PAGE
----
“Males need to unlearn the old tactics and start being more compassionate towards the other gender. For example, we see that the help/maids that we have are females, we don’t see much of the guys doing that. The gender biases can be seen there as well.”
“I believe that equality should start at home. And I am not talking only about the household choirs that a woman does, but also in taking all types of decisions, taking care of their priorities, etc.”
When we stop feeding the seed of importance being given to the boy more than a girl in the house, it is then that we would be building a better society in the future.
“If we look into this from an animal’s perspective, you would be surprised that the woman is actually more empowered than their male partners. A lioness feeds herself and her cubs. In the army of ants, the female is the boss and takes decisions. It is mostly like this in every species. But we as humans changed it.”
we changed it in a way that while processing it, women’s perspective, her presence, her importance became secondary.
“We also did it from the protection point of view. Girls were not safe then, they are not safe now as well. But due to this process, the exposure that they should have got in the form of equality remains undelivered. So, slowly men became more experienced in outdoor things and women indoors. And a stereotype developed that they are inferior to men.”
“Women have been quarantined since an early age. So this issue has poison deep down into roots and we always clutter the leaves at the top and think that the issue has been solved. You can only change the design and look of the tree by that, but the problem remains intact in the roots.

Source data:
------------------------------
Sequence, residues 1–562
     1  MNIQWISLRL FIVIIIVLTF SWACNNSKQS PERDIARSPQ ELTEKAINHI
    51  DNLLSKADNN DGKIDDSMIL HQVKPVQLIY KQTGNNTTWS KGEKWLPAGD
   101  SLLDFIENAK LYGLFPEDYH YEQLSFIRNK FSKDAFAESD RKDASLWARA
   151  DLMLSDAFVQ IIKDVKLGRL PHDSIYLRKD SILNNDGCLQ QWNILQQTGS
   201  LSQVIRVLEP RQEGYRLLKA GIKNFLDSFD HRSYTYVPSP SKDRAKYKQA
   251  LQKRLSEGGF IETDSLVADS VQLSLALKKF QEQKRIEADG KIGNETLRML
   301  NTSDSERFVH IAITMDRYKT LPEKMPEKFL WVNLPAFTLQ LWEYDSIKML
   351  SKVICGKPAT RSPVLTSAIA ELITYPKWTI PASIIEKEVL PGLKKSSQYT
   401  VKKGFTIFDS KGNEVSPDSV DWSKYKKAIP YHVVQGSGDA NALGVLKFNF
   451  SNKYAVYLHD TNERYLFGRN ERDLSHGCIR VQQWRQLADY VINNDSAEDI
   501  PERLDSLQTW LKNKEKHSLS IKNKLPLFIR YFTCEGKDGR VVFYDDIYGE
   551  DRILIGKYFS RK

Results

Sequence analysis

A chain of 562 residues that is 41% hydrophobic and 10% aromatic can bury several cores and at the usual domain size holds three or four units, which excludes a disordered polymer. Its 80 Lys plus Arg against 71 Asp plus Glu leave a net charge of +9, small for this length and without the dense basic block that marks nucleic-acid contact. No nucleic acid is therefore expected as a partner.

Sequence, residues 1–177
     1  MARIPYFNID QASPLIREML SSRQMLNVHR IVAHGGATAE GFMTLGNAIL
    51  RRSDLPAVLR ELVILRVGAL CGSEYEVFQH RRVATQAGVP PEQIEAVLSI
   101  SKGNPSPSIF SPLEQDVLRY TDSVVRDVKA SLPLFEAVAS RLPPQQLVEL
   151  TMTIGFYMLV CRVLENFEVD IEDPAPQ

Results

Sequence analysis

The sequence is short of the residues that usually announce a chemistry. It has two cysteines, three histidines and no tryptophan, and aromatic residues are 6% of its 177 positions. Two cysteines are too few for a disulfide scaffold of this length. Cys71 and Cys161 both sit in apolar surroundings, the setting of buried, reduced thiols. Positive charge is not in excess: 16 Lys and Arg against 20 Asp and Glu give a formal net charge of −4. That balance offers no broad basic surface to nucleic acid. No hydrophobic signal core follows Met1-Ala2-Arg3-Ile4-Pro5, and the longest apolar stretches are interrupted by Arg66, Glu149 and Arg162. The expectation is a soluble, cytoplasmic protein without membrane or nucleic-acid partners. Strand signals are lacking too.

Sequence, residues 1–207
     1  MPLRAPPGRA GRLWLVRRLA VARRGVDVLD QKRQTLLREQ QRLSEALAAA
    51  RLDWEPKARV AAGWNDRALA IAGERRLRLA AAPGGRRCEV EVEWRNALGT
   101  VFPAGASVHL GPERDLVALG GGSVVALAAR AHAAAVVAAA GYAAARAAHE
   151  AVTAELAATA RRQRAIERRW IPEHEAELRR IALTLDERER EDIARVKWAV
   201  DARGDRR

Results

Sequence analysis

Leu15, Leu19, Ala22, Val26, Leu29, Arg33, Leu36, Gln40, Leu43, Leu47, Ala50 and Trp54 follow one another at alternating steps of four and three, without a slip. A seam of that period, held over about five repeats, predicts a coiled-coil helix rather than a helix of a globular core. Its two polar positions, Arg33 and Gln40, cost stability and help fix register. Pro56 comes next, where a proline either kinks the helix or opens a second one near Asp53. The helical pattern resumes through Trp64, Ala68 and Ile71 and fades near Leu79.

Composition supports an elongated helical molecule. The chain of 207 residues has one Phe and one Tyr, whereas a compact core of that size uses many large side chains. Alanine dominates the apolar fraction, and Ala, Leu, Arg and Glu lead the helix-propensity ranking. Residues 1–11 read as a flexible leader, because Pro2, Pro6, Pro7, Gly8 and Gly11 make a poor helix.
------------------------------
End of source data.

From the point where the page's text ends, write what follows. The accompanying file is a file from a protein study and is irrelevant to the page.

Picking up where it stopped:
It’s like creating a home and the structure of it, is itself in a bad shape, now it doesn’t matter what amount of fanciness you add to it in the form of painting it or styling it anyway, it will remain bad.”
“I believe that this thought process of equality has to start from home itself and people need to think and talk about sexuality more, regarding marriages etc. It’s a long process, and much bigger from what we think. So till the time we work on small male kids doing household chores, till the time we make the structure of the house better, till the time we don’t enrich the roots of a tree, there won’t be any change.”
Just having sugar-coated conversations in debates and writing poetry on them, won’t change anything.
What an amazing insight he gave to this whole topic. The phone was kept after exchanging the pleasantries but while penning down this interview, his words, his wisdom, his thoughts and the kind of heart he carries echoed in my mind.
To read more by the Author
KalaManthan is an art platform which is dedicated to literary enthusiasts and has been working both online and offline to give them a place to share their views in form of poetry, stories and now blogs as well. The views are sole of the writer and not necessarily represent the platform’s views and opinions at all times.
Follow KalaManthan on Facebook to get updates regarding events and other activities.
If you want to share your thoughts log in to http://www.kalamanthan.in and share your writings to the world.